the fashions of childhoodThe Regency Fashions of Childhood While children are not usually thought of in the world of high fashion, with his debut of The Repository of Fashion… in 1809, Rudolph Ackerman provided modern readers with a record of what was worn by even the smallest of the Ton during the 20 years his magazine was published. As fashion evolved during the Regency, and figure hugging corsets gave way to loose, diaphanous gowns, so too, the fashions of childhood became simpler and while they still mimicked the clothes of their elders, a new style of short dresses and easy to wear pants and jackets came into vogue with overtones that can be seen even in today’s children’s wear. What Ackermann did, in showing his “models” engaged in many different types of activities with their children, was prove motherhood to be fashionable- or at least something not to be hidden away and relegated to the attic nurseries of country estates. In doing so, he also left a legacy of the fashions of childhood unequalled by any other period source. Aside from fashion plates and art prints, the only other visual reference to the time that we have are portraits from the period. These, too clearly show relation between the changing attitudes in parenting and clothing styles over Jane Austen’s lifetime. Even a cursory glance at those below will prove the point. The first, by Joshua Reynolds, shows Margaret, Lady Spencer and her daughter Georgiana (later to be the famous Duchess of Devonshire) in 1759, (more…)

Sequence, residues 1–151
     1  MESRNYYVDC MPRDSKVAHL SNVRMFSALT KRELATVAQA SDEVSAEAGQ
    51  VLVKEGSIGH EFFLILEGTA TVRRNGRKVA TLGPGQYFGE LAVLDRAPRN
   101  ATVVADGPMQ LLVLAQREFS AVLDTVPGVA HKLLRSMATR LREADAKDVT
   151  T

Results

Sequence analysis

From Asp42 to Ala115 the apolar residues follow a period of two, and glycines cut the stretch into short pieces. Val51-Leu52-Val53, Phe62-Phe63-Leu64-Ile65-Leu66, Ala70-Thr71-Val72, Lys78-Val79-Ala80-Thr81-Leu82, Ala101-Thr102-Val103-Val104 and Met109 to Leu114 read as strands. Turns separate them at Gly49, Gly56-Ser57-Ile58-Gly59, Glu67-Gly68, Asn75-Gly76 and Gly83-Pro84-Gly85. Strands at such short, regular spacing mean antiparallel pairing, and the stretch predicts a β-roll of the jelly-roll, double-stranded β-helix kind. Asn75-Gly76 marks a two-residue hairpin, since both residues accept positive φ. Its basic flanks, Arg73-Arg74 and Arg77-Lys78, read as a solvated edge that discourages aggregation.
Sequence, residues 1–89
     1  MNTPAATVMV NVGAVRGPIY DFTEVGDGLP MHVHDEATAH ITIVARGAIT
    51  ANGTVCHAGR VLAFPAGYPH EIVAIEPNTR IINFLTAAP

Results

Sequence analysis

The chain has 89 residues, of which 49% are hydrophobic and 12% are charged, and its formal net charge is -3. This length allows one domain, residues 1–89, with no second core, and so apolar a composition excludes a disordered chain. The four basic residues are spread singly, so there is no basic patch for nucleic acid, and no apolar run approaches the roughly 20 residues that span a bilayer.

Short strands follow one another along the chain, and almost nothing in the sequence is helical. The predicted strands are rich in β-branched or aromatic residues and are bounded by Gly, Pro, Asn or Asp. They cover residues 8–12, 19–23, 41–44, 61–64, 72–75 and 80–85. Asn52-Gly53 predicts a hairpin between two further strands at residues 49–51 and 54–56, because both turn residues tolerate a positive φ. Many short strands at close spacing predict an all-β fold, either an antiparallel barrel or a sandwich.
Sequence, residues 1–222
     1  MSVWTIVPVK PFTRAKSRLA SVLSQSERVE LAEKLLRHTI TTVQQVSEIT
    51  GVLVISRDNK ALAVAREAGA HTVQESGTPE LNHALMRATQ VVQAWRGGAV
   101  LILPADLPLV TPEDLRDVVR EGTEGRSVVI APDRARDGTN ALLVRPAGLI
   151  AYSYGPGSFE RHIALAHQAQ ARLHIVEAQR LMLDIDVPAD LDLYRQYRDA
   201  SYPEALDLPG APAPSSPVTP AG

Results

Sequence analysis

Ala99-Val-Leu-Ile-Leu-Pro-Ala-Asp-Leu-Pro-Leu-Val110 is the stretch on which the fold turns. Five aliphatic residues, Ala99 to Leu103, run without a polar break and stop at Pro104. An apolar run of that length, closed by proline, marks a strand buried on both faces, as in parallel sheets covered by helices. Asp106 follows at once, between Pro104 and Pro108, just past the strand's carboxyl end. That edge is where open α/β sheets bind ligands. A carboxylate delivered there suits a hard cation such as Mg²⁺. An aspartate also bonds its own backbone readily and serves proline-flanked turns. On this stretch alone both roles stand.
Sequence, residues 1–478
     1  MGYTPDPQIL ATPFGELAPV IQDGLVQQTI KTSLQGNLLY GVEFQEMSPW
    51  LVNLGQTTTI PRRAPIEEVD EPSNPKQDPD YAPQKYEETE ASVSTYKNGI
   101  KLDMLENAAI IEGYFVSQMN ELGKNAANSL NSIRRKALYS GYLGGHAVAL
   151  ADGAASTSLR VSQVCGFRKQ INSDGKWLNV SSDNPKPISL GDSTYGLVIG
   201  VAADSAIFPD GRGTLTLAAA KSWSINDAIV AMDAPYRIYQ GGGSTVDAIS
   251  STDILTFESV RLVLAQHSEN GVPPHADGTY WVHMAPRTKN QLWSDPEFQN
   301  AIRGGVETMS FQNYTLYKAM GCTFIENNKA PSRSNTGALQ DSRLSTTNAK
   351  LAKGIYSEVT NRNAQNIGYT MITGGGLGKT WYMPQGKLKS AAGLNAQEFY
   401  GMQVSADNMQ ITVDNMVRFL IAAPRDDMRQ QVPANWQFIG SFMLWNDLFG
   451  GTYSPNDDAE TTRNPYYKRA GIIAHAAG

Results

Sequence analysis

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The Breeching Ceremony of a Young Boy and His Rite of Passage

The alternative was a skeleton suit

From Petticoats to Skeleton Suits…

Over a year ago I read a fabulous blog post on the Regency Redingote entitled  Boy to Man: The Breeching Ceremony. The article is thorough and I was quite satisfied with its information until I ran into this quote, written by Jane Austen in 1801 to her sister Cassandra: